|Security in Christ: All of those who persist in their faith will be saved in the end. Those who do not persist will suffer the loss of their salvation. Some Arminians do not accept the possibility of apostasy in a true believer.||Persistence of the Saints: Those who God has foreordained to salvation are saved eternally with no possibility of apostasy. Those who appear to fall away were never saved in the first place.|
As you can see, there are some significant differences in how John Calvin and Jacob Arminius, and their respective followers, view the doctrine of salvation. But more significant than these differences is how they view the character of God. While both view God as sovereign, they understand the sovereignty of God in different ways. For the Calvinist, God is only sovereign if he is in complete and total control of everything that happens in the creation. If anyone is able to perform some action, or make some decision that is not at God’s direction, then God is not sovereign.
This issue of the understanding God’s sovereignty is what led Jacob Arminius to reject the soteriology of Calvinism. He saw divine determinism (God determines everything) as making God the author of sin, removing any real responsibility for sin from humanity. If a person can only act in accordance with God’s decrees, then when they sin it is a result of God’s decree; it is what God wanted them to do. For Arminius, God was sovereign over all of his creation, but that sovereignty included God’s permissive will, allowing humanity to act at odds with God’s desired will. But even as God allows evil, he uses it to accomplish his purpose. Our human choices are never unexpected or allowed to interfere with God’s purpose in creation.
The other issue Arminius had with the Calvinism of his day is in their related doctrine of predestination. In Calvin’s doctrine of predestination, modeled after Augustine’s, God has chosen some to salvation prior to creation, irrespective of anything the individual might do; God seemingly arbitrarily chooses some to salvation. Some Calvinists will also argue that God has specifically chosen the rest of humanity to an eternity in hell. Others argue against that double predestination, but the result is the same. If you are not among the chosen, you are among the damned. To Arminius, this pictured God as a monster; creating some humans with no actual hope of escaping from the fires of hell.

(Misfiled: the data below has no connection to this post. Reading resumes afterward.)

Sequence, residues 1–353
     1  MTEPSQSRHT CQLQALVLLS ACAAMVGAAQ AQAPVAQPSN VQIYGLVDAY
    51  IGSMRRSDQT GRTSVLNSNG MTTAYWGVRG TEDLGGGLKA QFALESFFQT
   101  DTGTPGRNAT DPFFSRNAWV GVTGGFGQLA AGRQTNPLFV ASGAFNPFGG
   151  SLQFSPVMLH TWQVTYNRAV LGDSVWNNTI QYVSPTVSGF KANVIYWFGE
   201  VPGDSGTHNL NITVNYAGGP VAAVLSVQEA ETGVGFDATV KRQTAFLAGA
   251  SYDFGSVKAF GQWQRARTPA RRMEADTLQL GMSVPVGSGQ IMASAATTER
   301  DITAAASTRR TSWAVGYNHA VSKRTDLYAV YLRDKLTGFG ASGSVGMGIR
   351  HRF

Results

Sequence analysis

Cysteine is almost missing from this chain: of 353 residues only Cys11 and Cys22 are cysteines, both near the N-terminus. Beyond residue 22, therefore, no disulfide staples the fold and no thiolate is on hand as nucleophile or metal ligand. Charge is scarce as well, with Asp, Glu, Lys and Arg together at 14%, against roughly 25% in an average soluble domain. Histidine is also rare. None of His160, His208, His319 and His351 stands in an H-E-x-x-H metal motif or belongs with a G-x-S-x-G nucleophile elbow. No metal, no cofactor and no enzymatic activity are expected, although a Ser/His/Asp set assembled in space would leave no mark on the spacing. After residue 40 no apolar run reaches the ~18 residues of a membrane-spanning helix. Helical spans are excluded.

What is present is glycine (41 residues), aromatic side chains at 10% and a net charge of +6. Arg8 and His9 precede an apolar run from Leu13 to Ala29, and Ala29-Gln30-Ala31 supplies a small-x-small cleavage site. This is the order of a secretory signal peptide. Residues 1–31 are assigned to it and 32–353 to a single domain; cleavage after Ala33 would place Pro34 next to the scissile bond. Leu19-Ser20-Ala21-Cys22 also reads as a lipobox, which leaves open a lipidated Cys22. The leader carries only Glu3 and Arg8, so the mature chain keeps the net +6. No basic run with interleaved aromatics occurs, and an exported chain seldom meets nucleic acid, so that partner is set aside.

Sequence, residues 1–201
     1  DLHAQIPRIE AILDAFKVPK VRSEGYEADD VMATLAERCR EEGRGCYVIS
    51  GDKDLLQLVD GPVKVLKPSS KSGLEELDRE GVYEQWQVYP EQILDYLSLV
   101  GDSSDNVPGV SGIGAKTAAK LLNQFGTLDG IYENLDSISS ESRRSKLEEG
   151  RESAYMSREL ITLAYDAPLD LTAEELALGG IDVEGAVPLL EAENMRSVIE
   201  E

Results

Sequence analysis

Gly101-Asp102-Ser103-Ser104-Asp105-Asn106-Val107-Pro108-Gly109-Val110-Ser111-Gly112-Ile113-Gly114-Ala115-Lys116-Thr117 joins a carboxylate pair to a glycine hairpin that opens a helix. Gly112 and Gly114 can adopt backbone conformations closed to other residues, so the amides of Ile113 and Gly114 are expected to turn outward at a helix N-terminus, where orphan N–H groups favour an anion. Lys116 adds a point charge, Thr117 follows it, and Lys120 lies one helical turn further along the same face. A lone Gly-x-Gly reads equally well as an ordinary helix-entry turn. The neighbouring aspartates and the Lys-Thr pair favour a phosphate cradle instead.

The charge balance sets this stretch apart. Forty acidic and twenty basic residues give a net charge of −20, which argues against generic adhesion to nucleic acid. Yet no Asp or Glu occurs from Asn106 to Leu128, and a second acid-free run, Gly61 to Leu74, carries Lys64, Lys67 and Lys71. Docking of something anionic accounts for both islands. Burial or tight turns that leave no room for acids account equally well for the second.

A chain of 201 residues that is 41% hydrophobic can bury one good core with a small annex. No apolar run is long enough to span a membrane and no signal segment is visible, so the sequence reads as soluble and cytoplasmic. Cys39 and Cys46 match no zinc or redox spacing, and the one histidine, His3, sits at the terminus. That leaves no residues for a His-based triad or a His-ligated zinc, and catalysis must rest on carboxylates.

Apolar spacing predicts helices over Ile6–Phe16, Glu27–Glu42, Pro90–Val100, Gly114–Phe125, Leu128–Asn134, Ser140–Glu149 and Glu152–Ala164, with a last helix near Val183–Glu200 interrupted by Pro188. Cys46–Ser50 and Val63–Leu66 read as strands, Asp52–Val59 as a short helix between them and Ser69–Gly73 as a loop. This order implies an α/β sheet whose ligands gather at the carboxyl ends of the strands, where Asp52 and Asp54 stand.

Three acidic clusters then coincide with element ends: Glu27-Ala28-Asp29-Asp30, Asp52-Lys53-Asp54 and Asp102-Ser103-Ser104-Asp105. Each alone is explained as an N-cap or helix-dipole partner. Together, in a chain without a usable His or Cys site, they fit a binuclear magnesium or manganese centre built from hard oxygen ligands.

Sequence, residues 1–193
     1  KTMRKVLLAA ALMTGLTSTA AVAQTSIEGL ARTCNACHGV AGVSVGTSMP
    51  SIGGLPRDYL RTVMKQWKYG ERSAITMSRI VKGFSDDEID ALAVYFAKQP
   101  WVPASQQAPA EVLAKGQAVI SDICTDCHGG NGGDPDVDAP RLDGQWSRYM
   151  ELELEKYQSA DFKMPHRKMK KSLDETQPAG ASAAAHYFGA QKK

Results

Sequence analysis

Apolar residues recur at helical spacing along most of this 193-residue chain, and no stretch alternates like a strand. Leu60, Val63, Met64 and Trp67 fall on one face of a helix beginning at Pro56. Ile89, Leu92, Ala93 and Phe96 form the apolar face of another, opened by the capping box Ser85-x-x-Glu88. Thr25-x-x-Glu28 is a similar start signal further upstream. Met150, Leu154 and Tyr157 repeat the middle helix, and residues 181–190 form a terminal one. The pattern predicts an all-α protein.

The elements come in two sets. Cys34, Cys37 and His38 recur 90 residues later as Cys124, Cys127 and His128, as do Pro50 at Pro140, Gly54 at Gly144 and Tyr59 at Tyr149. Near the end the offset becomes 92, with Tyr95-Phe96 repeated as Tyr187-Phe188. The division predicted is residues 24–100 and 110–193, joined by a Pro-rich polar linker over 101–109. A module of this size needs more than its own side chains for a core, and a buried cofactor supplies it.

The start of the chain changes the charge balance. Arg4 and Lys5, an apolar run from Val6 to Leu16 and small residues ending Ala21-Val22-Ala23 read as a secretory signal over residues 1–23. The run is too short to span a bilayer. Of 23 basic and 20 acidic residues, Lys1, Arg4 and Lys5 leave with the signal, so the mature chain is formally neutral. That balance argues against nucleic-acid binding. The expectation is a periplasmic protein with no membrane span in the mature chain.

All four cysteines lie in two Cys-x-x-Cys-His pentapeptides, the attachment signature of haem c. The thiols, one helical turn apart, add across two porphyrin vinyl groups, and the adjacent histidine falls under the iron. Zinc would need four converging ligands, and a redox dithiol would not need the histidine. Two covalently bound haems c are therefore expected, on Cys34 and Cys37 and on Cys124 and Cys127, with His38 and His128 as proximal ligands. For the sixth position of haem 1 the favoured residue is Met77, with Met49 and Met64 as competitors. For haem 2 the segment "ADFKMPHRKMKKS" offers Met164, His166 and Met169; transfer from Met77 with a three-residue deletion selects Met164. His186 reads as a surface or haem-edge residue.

Instead, Arminius, appealing to the Scripture as well as the early church fathers, argued that God loves all of humanity, and enables everyone to believe. Those that he foreknows will respond in faith he elects, while those who do not are condemned to damnation. But that condemnation is a result of a rejection of God’s grace, not an arbitrary action on God’s part. The Calvinist will argue that my choosing to accept God’s offer of grace is an action on my part, making salvation at least partly based on my own efforts. But Arminius responded that a free gift, received, is still a free gift. My accepting the gift does not in any way constitute an earning of that gift on my part.
Calvinists accuse Arminians of focusing on human free will, although they also claim to accept it after a fashion. But Arminius’ use of human free will was not to elevate humanity, but to make them responsible for their own sin, rather than making God responsible for it. Salvation is no less a work of God because I have the ability to accept or reject it.
Summary of Arminian Soteriology